- The National Trails
- Cleveland Way
- Cotswold Way
- England Coast Path
- Glyndŵr's Way
- Hadrian's Wall Path
- North Downs Way
- Offa's Dyke Path
- Peddars Way / Norfolk Coast Path
- Pembrokeshire Coast Path
- Pennine Bridleway
- Pennine Way
- South Downs Way
- South West Coast Path
- Thames Path
- The Ridgeway
- Yorkshire Wolds Way
What do the coloured arrows mean?14th March 2017
On Glyndŵr’s Way posts and gates you will see three different logos.
The acorn shows that you are on one of the 16 National Trails in Wales and England. All of the National Trails use this symbol.
The golden dragon symbol is particular to Glyndŵr’s Way and was chosen to represent the Trail as it was shown on Owain Glyndŵr’s battle standard.
Lastly there is an arrow symbol to show you which way to walk next. That is all quite clear but as you walk the Trail you will notice that the arrow changes colour and that may be a little mystifying.
However the explanation is quite simple. Different parts of the Trail have differing rights of use.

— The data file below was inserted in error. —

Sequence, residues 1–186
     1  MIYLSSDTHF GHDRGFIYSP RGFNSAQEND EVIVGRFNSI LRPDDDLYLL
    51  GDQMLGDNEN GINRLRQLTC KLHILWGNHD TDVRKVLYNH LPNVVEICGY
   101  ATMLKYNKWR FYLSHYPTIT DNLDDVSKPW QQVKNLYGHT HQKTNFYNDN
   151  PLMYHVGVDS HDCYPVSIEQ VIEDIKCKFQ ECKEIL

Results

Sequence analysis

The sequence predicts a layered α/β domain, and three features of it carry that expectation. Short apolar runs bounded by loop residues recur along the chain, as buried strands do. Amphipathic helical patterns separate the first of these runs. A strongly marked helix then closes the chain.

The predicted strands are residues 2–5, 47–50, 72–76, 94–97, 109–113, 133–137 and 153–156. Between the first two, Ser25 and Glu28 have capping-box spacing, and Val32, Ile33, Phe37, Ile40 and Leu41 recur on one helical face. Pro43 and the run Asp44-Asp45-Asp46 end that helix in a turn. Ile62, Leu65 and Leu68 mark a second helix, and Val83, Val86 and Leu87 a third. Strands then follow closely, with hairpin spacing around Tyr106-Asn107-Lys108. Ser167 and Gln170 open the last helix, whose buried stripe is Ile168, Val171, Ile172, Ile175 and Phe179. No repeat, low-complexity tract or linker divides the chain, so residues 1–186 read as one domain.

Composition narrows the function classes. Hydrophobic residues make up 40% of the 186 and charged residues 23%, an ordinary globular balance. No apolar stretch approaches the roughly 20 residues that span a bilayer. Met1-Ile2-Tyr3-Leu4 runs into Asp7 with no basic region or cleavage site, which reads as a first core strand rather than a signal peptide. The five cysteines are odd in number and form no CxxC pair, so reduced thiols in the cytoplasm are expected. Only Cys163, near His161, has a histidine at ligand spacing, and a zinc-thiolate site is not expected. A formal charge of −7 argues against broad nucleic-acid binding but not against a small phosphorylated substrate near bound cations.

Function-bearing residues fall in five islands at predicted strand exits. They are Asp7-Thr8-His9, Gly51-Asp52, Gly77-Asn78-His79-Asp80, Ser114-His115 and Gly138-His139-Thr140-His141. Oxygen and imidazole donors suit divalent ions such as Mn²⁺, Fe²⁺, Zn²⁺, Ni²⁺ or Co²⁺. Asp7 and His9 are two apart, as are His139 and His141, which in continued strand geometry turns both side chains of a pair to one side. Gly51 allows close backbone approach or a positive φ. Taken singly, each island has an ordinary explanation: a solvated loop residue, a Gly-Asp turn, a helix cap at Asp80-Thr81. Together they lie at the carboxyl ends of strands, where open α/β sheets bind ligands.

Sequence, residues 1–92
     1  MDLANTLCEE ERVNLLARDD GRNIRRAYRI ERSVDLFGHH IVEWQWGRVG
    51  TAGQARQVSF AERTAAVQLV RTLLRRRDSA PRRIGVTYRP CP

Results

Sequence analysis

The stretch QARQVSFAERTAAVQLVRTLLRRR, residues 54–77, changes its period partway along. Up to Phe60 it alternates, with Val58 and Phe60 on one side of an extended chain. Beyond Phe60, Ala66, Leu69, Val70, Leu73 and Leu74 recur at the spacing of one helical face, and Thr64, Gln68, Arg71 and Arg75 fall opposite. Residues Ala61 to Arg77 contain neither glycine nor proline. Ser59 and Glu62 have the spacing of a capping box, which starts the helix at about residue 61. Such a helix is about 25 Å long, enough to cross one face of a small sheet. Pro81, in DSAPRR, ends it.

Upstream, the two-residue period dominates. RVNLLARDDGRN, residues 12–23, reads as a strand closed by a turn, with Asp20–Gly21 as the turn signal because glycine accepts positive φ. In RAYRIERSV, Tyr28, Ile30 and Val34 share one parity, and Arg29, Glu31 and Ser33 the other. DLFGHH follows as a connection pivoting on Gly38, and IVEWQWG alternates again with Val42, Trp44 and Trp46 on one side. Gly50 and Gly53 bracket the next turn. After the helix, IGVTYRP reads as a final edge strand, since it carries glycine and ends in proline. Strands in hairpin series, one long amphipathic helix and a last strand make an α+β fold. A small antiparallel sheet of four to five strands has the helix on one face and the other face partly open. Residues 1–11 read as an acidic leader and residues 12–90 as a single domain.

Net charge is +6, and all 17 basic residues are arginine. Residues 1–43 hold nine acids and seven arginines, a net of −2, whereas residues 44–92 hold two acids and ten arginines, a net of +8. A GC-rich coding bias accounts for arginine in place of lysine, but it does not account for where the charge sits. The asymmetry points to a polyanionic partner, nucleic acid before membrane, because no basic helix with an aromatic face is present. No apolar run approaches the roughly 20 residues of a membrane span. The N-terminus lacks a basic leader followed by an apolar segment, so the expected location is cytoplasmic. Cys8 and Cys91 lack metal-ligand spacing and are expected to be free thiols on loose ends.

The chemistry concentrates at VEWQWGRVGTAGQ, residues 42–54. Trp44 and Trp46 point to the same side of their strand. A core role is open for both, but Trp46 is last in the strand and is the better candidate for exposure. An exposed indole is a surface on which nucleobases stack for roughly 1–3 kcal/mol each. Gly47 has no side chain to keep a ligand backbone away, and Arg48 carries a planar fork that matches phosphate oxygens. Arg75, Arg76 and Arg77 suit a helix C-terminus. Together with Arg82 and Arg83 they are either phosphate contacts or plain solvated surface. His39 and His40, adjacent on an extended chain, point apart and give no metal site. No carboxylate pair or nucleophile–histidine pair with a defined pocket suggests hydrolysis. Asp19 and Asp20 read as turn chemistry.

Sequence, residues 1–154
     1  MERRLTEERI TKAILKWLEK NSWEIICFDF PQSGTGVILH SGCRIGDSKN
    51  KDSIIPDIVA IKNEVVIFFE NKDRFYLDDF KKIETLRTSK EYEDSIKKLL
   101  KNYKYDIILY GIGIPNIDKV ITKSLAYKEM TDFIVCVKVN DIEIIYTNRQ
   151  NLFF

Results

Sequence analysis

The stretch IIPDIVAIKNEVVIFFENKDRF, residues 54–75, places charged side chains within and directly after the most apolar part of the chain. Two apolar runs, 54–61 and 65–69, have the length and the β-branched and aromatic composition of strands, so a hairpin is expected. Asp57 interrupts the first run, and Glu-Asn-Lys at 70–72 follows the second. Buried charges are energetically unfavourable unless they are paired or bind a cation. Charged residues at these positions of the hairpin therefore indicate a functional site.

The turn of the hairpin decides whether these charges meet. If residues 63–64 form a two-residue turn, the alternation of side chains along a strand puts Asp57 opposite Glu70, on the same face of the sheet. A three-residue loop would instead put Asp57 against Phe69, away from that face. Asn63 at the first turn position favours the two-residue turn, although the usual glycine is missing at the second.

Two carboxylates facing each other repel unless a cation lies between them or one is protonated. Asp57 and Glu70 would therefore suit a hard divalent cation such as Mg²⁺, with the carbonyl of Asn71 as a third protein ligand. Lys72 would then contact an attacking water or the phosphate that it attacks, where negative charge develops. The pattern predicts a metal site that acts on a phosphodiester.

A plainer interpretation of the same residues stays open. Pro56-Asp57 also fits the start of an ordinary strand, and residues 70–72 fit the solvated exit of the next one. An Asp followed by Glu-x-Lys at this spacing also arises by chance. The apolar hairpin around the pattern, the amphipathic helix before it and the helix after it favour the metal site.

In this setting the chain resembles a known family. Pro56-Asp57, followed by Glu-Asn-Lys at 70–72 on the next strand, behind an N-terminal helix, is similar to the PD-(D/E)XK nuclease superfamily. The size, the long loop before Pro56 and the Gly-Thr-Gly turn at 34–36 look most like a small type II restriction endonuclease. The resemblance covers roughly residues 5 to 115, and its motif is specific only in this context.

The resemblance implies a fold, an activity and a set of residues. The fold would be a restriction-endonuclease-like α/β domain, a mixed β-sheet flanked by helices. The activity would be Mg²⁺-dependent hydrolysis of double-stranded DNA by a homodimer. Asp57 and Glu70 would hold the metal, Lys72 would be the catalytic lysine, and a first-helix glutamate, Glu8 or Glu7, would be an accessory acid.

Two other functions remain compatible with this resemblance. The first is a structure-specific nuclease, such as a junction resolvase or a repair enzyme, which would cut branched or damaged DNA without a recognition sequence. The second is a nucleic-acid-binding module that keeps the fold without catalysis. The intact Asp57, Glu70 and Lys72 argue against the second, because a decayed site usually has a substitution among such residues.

A yellow arrow means that you can use that part of the Trail on foot only.
A blue arrow means that you can use the Trail on foot, on horseback and on a pedal cycle.
A plum coloured arrow shows that you can proceed on foot, on a horse, on a pedal cycle and in a horse-drawn carriage.
A red arrow shows that at that point the Trail can be used by all of the above and motorised vehicles as well. So you can expect to meet motorbikes and off-road vehicles until the arrow colour changes again.
You will also see white arrows. These are used in places where the Trail is on a road or where it is permissive. Permissive sections are for use on foot only.
None of this matters if you are walking the Trail as most users do. If you are on foot you can be confident that you have the right to be there, so just keep on following the arrows.